Film explores the history and legacy of Chinese Exclusion Act, a racist stain on the American dream
‘If there is a word that defines the Chinese-American experience, and Asian-American experience, it’s exclusion’
More than a century before US President Donald Trump began blocking arrivals from the Middle East and Africa, the American immigration debate was already being forged in the crucible of Chinese exclusion.
On May 6, 1882 – the eve of the greatest wave of immigration in US history – president Chester A. Arthur signed a history-making yet little-known piece of legislation called the Chinese Exclusion Act.
The law, not repealed until 1943, banned workers from China and ended naturalisation for Chinese nationals – the first time the US had singled out a particular nationality.
The new regime severely complicated life for more than 100,000 ethnic Chinese already in the US, many recruited to build the transcontinental railroad but facing racism from white workers.
This obscure yet resonant aspect of US history is explored in The Chinese Exclusion Act, a timely new PBS documentary debuting on May 29 from Emmy-winning filmmakers Ric Burns and Li-Shin Yu.
“This is not simply an immigration story, it is the American immigration story,” Burns told the Television Critics Association (TCA) in southern California in January.
The White House’s biggest disagreements with Beijing these days centre on trade rather than immigration, although liberals worry that Trump is ushering in a new era of isolationism with his “America First” rhetoric against migrants.
Burns and Yu examine the economic, social, legal, racial and political dimensions of the exclusion act, the events that gave rise to it and the effect it continues to have on American culture and identity.
Chinese Americans didn’t have the vote, but the community filed some 10,000 lawsuits, establishing bedrock principles on birthright citizenship, access to education and equal protection under the law.
“In the process of resisting the discriminatory laws, the Chinese community helped define, in the most positive ways, what American citizenship is,” said executive producer Stephen Gong.
The complex relationship between China and the US began with the founding of the republic, when trade with the Chinese emerged as crucial to American economic independence.
Through the dramatic westward expansion in the 1840s, supercharged by the Gold Rush, America became a bona fide global superpower.
Workers spilled into the new territory of California from the Pearl River Delta in southern China, seeking their fortune and fleeing the unrest precipitated by the Opium Wars.
“The Gold Rush for Anglo-America was a kind of shock therapy – and an object lesson in the fact that there were other kinds of people on the planet,” historian Kevin Starr, who died in January last year, tells the filmmakers.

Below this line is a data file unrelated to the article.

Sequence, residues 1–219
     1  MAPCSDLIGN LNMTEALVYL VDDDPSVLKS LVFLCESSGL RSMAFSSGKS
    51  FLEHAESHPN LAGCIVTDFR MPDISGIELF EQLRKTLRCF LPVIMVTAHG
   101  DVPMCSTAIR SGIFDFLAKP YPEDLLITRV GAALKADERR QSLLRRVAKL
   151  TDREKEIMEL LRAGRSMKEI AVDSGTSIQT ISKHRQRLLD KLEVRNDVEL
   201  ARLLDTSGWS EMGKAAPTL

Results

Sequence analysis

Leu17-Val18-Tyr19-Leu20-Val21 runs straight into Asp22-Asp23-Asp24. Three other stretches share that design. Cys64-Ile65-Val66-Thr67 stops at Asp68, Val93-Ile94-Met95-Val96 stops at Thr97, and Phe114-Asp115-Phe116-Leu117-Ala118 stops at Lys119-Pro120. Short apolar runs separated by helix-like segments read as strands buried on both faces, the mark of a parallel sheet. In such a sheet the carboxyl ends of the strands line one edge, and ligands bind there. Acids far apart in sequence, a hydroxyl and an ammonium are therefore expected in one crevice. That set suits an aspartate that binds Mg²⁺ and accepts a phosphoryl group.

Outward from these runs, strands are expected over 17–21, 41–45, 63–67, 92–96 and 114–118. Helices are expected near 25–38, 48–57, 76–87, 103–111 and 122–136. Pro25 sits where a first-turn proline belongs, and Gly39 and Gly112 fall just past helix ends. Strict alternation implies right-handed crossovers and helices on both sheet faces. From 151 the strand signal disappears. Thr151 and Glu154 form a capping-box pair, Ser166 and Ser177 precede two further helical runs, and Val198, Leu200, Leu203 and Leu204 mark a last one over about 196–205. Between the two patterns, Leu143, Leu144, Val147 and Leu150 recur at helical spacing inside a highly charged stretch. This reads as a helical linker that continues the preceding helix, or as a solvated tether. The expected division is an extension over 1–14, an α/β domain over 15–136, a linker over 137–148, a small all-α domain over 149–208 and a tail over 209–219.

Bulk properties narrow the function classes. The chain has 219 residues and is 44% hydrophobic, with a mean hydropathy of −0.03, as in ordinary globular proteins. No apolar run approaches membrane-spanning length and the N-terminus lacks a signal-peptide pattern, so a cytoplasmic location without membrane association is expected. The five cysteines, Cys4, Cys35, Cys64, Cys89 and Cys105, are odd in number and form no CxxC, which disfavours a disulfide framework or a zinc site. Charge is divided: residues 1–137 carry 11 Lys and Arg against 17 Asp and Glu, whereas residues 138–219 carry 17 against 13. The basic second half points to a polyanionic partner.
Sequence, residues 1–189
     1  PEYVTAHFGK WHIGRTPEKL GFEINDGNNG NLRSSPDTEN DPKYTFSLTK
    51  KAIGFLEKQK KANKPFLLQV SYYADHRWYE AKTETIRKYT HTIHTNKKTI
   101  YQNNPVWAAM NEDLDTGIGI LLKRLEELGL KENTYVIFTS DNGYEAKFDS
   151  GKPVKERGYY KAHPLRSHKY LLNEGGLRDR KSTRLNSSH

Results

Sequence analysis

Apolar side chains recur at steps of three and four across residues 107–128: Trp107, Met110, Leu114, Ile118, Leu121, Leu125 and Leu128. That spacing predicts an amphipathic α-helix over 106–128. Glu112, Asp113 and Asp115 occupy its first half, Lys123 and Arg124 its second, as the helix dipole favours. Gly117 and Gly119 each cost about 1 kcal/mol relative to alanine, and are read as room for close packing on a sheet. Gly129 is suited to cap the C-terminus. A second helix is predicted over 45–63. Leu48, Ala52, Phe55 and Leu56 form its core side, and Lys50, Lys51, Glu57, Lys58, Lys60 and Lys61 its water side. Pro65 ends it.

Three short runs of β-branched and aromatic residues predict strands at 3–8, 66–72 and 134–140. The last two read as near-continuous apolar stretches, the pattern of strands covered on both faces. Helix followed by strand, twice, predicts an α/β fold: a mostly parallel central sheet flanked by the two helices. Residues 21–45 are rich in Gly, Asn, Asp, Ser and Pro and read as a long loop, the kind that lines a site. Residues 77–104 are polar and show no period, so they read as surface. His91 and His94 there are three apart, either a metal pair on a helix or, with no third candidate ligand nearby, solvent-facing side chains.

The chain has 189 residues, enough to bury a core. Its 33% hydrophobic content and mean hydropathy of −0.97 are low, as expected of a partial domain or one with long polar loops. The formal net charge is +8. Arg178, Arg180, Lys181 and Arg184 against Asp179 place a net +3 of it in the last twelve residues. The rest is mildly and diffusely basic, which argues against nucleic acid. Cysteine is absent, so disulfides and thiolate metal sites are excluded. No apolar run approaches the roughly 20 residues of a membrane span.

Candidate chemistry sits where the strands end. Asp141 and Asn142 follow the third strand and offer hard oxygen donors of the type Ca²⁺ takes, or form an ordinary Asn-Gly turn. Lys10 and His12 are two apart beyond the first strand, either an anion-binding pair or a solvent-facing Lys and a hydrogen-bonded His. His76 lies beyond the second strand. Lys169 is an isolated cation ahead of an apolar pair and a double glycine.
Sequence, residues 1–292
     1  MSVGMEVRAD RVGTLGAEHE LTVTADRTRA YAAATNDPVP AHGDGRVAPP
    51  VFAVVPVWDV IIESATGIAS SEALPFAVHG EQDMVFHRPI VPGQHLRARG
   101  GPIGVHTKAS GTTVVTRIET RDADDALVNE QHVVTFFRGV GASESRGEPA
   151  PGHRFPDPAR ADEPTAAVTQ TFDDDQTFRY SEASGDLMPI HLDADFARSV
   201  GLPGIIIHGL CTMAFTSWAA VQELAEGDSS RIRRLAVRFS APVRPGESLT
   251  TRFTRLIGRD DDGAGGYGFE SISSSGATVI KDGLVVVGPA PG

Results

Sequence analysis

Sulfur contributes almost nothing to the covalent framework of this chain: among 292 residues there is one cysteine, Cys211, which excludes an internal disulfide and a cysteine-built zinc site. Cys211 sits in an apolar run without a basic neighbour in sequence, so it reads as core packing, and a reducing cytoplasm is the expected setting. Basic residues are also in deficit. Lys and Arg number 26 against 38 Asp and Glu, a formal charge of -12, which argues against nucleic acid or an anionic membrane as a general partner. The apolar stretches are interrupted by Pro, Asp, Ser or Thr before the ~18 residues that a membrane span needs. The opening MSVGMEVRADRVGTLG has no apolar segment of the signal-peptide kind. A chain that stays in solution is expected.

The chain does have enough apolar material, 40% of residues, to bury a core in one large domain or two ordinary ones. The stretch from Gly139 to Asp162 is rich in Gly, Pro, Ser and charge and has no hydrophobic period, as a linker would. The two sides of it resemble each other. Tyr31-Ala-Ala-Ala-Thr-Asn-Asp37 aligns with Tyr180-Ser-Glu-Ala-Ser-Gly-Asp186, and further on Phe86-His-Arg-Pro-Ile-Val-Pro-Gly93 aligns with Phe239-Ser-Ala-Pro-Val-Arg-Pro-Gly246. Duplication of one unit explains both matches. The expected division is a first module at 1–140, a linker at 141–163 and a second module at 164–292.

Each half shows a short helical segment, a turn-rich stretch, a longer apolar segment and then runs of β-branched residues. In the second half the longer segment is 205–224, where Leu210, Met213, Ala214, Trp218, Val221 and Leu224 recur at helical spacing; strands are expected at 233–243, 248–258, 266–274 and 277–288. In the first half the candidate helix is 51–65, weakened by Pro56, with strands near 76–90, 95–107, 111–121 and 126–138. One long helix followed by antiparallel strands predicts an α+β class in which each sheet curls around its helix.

“California was a laboratory for the larger process of adjustment that began nationally.”
Eventually the gold mines began to dry up and Chinese immigrants became targets for reprisals by white miners whose resentments were inflamed by local politicians.
The transcontinental railroad, completed in 1869, brought cheap labour east and virulent racism against the Chinese spread countrywide, fanned by the economic crash of the 1870s.
Suddenly the “China Question” was front and centre in the theatre of American political debate.
“We have today to decide whether we shall have on the Pacific coast of the United States the kingdom of Christ or the kingdom of Confucius,” then-senator James G. Blaine, a Republican from Maine, told fellow legislators.
The Chinese Exclusion Act was passed and racist purges multiplied catastrophically as 300 towns and cities from Wyoming to Oregon turned against their Chinese American inhabitants.
Inter-racial marriages were banned, while the authorities prevented Chinese Americans from returning after visiting loved ones back home and barred the Chinese from owning property and businesses.
The act formed the foundation of American immigration policy, implemented with cold-blooded efficiency at the Angel Island barracks in San Francisco harbour.
Between 1910 and 1940, 175,000 Chinese immigrants passed through the station, but 18 per cent of newcomers were rejected, often after gruelling interrogations and harrowing detentions.
The anti-Asian discrimination was extended in 1917 to bar workers from an area that stretched from Japan to Turkey – ushering in immigration restrictions that would endure for half a century.
Activists note that when Congress repealed the act, the US was in the throes of World War II and primarily concerned that Japan was citing the law in propaganda questioning China’s alliance with Washington.
The United States still let in only 105 Chinese each year, and didn’t open up to large-scale immigration by non-Europeans until a landmark 1965 law championed by then senator Ted Kennedy.
The US House of Representatives formally expressed regret for the country’s anti-China policies in 2012, eight months after the Senate had passed its own apologetic resolution.
“If there is a word that defines the Chinese-American experience, and Asian-American experience, it’s exclusion,” Ling-chi Wang, professor emeritus at UC Berkeley, tells the filmmakers.